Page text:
Employee Engagement is the REAL Key to Success: What Your Recognition Program Must Have

BROKEN ARROW, Okla. - June 18, 2015 - PRLog -- Billions of dollars are spent worldwide every year to gain performance improvement. The money is spent to redefine processes and sharpen skills. The money is spent to develop better management systems and improve leadership. The money is spent to systemize and create efficiencies. And, some of the money is spent to try to improve employee engagement.

It is absolutely true that process and technology improvements will contribute to bottom line performance. However, these are expensive investments with incremental improvements. There is overwhelming evidence that improved employee engagement, which is generally a lesser investment, provides greater gains in overall productivity in less time. Since the focus of Executives is profits, these facts should be compelling for them to understand and invest in employee engagement.  Kevin Kruse, Thought Leader on Employee Engagement, offers a great compilation of evidence including:

·         There is a direct correlation between engagement and:  service – sales-quality-safety-retention –profits – NYT

·         In a survey of nearly 24,000 companies, those that scored in the bottom quartile of engagement scores suffered 31-51% higher turnover according to a recent Gallup Poll

·         In companies where employee engagement stood at 60-70%, shareholder returns stood at 24.2% versus just 9.1% returns at companies with 49-59% engagement.  Hewitt Survey on Employee Engagement

·         Companies with high employee engagement enjoy double the customer loyalty of companies with only average employee engagement according to Kruse.

The challenge comes in understanding the ‘Employee Engagement’ rather than ‘Employee Satisfaction’ is the key to driving performance. The difference is that a satisfied employee is basically happy with their job and maintaining the status quo of their company within their own comfort zone. An engaged employee is looking for opportunities to advance the company objectives because they know and understand the goals. The engaged employee is also often rewarded with immediate feedback and recognition where an organization has made the connection to these behaviors and the corporate success story.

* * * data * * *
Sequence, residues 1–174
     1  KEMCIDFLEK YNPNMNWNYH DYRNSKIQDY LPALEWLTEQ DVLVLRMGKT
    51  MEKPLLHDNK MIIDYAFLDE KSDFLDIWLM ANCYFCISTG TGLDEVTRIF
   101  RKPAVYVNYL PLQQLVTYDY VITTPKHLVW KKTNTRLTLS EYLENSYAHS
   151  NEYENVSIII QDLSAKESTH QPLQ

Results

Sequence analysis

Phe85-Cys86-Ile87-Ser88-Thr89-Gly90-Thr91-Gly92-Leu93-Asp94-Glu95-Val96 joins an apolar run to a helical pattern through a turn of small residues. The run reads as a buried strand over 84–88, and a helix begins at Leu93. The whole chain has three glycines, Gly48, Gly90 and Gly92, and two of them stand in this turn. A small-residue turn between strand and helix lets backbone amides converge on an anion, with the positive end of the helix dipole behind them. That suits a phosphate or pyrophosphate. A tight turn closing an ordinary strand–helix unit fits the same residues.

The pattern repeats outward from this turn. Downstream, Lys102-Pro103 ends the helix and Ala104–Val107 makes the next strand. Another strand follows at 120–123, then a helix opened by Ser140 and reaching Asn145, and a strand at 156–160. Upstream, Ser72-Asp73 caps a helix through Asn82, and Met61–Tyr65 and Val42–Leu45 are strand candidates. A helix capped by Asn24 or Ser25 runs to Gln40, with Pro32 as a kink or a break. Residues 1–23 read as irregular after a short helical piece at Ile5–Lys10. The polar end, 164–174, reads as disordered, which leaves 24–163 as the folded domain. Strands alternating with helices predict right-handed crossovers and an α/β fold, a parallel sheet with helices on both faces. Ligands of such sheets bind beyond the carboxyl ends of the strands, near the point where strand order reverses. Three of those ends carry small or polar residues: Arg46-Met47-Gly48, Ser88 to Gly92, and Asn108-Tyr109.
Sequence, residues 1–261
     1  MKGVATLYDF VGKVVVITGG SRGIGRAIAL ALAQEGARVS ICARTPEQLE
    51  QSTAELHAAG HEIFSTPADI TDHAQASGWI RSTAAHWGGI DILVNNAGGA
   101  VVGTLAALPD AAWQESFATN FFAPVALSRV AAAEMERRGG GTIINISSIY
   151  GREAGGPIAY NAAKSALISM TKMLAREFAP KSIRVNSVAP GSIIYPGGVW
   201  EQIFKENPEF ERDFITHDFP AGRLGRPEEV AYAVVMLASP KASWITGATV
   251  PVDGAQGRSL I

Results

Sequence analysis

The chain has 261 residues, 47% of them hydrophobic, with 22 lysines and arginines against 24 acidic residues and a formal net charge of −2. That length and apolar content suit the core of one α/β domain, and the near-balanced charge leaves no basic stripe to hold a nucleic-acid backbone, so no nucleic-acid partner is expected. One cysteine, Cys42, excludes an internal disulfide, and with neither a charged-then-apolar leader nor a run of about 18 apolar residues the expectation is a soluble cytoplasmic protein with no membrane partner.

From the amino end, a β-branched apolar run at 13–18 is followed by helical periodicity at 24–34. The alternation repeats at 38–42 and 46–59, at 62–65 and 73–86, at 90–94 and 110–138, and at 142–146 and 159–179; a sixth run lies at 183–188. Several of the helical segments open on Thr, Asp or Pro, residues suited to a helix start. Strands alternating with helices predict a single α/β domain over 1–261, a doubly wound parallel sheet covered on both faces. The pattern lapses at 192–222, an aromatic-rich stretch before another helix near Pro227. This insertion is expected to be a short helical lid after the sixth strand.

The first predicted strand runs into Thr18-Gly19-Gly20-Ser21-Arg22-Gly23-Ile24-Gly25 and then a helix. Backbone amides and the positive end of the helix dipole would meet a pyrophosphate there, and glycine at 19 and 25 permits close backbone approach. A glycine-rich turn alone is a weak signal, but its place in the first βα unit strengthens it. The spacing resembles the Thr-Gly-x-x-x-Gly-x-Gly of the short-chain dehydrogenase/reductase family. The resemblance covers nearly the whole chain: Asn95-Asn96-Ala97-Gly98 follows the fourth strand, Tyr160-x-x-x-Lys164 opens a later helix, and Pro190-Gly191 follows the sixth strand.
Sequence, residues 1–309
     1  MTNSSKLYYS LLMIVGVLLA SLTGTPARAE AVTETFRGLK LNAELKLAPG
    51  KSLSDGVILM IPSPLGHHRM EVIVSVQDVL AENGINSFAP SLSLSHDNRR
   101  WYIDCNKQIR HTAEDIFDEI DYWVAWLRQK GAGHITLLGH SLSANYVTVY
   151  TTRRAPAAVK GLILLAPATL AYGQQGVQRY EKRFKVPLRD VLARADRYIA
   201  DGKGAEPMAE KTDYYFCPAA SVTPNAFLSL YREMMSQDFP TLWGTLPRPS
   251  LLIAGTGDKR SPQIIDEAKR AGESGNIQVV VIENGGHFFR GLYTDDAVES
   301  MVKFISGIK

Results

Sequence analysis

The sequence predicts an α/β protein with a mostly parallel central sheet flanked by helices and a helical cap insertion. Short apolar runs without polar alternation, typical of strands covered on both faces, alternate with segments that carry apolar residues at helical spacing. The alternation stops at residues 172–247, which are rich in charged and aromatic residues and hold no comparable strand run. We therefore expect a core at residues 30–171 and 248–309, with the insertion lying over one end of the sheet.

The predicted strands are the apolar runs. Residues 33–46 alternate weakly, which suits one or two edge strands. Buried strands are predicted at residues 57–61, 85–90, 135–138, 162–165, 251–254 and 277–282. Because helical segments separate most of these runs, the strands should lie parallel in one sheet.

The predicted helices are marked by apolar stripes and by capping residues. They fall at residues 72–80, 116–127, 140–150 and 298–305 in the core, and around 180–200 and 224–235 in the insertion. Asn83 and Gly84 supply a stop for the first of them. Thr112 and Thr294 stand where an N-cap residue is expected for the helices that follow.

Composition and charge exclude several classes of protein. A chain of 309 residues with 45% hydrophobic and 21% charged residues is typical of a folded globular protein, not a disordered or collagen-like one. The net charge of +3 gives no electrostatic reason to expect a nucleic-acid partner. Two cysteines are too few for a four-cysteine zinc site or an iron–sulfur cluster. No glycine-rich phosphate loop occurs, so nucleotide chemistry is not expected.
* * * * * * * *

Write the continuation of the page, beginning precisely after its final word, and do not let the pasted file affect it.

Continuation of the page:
So, how do you create a recognition program that encourages engagement?

First, you have to identify what effective engagement in your organization looks like. Start by evaluating your Core Values or Core Competencies. Identify five to seven success keys. As an example, you may choose Customer Service. Now, identify 3-5 indicators of excellence in Customer Service for your organization as expected levels of performance. Now identify some of the “Plus One” activities that indicate an employee did a little more. These are the activities your recognition program must highlight.

Once you have identified the behaviors you want to reinforce, you are ready to build the recognition system. To be effective, the program must become a part of the corporate culture and it must benefit participants at all levels of the organization – including customers.

As you build recognition programs, focus on daily, weekly, and periodic recognitions both planned and apparently spontaneous that create rewards for teams as well as individuals. Here are some ideas to help you get started:

·         Create a ‘Culture Crew’ that receives notes of commendation to recognize teams or employees. Give them a budget and allow them to create individual and department or even company wide celebrations of success –

·         Have a customer appreciation team that reaches out to thank customers for their business and their constructive criticism. Do phone blitzes to thank these clients.

·         Create a program of peer recognition where peers may recognize one another for something great by awarding points that can be spent in a reward bank. Monitor the program and set guidelines to prevent points being distributed based on popularity.

·         DO give your annual service awards. Employee retention is still key and surveys show that employees who stay at a company ten or more years have higher levels of engagement.

·         Award Community Service Hours to employees who go beyond so that they can give back to causes they find meaningful

·         Remember to include incentives for Managers and Executives to engage in the program – Daily participation by managers is critical, and monthly participation by C-levels builds organizational relationships that increase employee engagement. (By the way, that doesn’t mean a structured monthly meeting. It means C-levels out in the departments.)

Employee recognition is a continuous program, requiring monitoring and modification just as any other compensation program. The investment will pay off for everyone, building new heights of your company’s success.

Media Contact
Stacy Ingram-Gilchrist

Like PRLog?
Click to Share